All images © by Roberto Piperno, owner of the domain. Write to email@example.com. Text edited by Rosamie Moore.
you would enter the Vatican from Scala Regia
(an Italian note showing Scala Regia and the statue of Constantine)
The King's Steps
Today the entrance to the Vatican is from the wall at the right of St Peter's. There Michelangelo and Raphael together with the coat of arms of Pius XI look upon the never ending queue of tourists.
But, if you were a king (or a President obviously), you would be admitted to the Vatican through the "Portone di Bronzo" which is on the right side of the colonnade (looking towards St Peter's). It is the official entrance to the Vatican (although occasionally when the Vatican Museums are very crowded, groups with no other interest than the Sistine Chapel are brought back outside through it) .
Beyond the door a magnificent flight of steps: the "Scala Regia". Built by Sangallo the Junior in the early XVIth century it was restored by Gian Lorenzo Bernini for Pope Alexander VII.
The focal point of the perspective is the coat of arms of Alexander VII. Unfortunately from St. Peter's square one can see little of it and the Swiss guard cannot be bribed.
An Old Print
To have an idea of what is behind the Swiss guard we may have a look at this old print. On the right there is a painting by Raphael and after that the statue of Constantine by G. L. Bernini. This statue and the Scala Regia were printed on the 50.000 Liras note, as shown in the icon at the top of this page (Lira was the Italian currency prior to the move to Euro).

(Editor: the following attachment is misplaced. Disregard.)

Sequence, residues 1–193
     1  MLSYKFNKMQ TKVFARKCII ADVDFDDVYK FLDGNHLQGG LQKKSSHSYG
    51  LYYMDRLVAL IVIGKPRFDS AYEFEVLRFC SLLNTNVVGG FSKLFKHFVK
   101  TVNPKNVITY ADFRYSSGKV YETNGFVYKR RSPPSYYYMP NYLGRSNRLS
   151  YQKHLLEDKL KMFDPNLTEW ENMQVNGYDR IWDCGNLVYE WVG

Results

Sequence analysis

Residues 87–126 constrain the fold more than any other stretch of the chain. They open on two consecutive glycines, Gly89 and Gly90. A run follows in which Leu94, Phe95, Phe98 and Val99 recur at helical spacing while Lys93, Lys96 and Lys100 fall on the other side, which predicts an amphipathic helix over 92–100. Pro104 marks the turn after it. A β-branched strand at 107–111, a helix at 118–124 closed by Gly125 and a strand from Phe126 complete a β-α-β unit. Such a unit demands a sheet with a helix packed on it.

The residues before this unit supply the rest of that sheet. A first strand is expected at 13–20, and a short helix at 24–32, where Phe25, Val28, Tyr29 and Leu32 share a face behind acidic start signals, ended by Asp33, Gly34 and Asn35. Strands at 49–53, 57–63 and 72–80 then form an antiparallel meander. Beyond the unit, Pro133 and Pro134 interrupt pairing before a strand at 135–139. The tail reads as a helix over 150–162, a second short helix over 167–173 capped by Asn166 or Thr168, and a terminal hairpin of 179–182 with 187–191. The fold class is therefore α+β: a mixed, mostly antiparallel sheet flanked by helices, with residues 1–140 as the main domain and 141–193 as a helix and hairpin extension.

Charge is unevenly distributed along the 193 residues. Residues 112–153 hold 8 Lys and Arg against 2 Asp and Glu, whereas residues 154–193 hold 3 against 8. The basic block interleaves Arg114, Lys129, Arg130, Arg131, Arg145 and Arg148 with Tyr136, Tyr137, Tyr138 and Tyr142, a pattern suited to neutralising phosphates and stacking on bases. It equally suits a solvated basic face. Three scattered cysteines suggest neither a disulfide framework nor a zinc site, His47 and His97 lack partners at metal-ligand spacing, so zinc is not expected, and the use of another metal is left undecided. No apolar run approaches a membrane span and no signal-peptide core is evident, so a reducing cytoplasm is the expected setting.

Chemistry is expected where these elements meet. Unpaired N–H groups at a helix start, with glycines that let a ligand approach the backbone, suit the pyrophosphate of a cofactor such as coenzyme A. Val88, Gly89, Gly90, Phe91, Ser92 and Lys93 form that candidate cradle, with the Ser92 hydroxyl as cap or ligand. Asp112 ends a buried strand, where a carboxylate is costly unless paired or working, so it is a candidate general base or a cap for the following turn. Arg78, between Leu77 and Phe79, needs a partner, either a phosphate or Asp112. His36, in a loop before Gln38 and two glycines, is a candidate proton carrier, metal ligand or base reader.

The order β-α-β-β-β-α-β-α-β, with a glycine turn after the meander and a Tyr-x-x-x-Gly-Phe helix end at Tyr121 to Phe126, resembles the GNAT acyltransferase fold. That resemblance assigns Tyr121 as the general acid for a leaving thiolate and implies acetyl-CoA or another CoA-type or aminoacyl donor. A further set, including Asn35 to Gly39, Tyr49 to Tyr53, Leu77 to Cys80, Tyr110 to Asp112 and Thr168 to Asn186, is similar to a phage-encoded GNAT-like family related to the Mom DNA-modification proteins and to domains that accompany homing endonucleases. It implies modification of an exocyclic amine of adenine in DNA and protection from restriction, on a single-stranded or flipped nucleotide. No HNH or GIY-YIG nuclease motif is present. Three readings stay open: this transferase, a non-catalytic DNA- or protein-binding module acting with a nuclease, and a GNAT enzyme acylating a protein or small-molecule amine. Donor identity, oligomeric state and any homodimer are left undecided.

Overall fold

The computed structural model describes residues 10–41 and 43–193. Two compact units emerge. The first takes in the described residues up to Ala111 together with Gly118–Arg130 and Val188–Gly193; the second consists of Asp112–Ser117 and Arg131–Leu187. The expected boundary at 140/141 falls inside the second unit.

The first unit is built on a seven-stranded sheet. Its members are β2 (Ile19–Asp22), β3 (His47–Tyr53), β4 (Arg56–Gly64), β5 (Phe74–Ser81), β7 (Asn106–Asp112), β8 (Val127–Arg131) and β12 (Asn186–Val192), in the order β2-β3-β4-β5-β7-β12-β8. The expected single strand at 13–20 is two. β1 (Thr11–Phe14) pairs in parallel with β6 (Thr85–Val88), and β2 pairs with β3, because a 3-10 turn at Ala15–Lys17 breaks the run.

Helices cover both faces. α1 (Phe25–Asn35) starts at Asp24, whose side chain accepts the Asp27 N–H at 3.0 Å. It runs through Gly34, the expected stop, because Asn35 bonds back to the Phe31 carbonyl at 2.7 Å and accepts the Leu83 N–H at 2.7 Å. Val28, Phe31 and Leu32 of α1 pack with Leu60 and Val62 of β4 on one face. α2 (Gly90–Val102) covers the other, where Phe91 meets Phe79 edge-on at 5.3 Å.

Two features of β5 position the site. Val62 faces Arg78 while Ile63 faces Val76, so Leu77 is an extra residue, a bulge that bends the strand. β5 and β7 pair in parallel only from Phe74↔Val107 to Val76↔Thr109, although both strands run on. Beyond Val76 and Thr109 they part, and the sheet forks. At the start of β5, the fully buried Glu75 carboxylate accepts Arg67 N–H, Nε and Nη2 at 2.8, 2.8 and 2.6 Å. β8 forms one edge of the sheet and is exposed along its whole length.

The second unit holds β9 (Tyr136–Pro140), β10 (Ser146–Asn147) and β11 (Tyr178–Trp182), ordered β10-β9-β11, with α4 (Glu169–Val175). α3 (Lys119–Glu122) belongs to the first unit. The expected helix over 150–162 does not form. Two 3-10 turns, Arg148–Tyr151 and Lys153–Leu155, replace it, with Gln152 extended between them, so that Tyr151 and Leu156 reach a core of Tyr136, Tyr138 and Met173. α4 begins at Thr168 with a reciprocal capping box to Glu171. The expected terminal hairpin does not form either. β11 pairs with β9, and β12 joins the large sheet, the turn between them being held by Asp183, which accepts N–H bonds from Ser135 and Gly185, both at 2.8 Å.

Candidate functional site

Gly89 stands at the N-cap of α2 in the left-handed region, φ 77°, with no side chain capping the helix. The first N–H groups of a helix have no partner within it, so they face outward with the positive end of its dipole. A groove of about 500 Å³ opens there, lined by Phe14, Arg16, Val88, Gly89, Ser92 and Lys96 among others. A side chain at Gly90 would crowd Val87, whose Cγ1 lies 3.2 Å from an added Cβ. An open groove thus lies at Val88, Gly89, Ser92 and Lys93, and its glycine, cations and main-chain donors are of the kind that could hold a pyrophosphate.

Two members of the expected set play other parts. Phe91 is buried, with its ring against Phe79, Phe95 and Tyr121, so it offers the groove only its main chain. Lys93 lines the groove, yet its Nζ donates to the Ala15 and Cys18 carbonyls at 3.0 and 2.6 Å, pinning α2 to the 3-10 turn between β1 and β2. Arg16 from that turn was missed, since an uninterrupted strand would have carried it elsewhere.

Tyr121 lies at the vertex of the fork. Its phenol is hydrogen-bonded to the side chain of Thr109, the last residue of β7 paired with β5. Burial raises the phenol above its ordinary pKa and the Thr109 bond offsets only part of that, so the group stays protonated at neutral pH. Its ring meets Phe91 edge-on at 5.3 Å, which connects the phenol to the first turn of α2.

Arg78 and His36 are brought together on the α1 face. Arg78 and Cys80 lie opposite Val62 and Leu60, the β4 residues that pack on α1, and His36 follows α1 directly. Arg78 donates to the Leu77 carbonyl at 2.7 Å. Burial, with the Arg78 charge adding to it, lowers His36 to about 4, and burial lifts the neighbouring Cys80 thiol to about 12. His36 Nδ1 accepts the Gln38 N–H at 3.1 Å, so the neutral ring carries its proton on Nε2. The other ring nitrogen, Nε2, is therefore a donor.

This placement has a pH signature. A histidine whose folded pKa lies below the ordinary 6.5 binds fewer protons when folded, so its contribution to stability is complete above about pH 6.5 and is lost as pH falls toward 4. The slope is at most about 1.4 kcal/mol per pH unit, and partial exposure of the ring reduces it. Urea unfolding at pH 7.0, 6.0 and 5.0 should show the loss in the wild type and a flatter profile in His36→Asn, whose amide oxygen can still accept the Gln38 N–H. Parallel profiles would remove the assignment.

The Coat of Arms
The only real way to have a look at the coat of arms of Alexander VII is from the Portico of St. Peter's. On the right one immediately sees the statue of Constantine, but once you try to have a closer look, a warden immediately tells you that you should stop. Thankfully one morning the warden wasn't there for a short time and I managed to take this photo which shows Bernini's masterpiece.
A Closer Look
The statue of Constantine by Bernini shows the emperor in the traditional episode of the cross appearing to him before the battle of Ponte Milvio. Behind the statue a drape painted in red and gold (made in stucco) emphasizes the movement of the horse and the pictorial effect of the monument. The statue was criticized for the unnatural posture of the horse. The statue is completed by the cross and the inscription In hoc signo vinces (by adopting this symbol you will win).
The decoration is extremely rich: you may notice that the flowers are all different.
The statue of Constantine was matched in the Portico of St Peter's by a statue of Charlemagne (who was crowned in St Peter's in 800). This too is a very complex monument with a combination of sculpture and painting and a sophisticated perspective. It was built during the pontificate of Pope Clement XI, whose coat of arms decorates the ceiling of this section of the Portico. The statue is by Agostino Cornacchini. Charlemagne is parading like an XVIIIth century gentleman.
Other pages dealing with St. Peter's:
Basilica di S. Pietro
The statues in the octagon
A Laborious Delivery
It wasn't done in a day! a clue to the decoration of the Basilica
SEE THESE OTHER EXHIBITIONS (for a full list see my Detailed Index)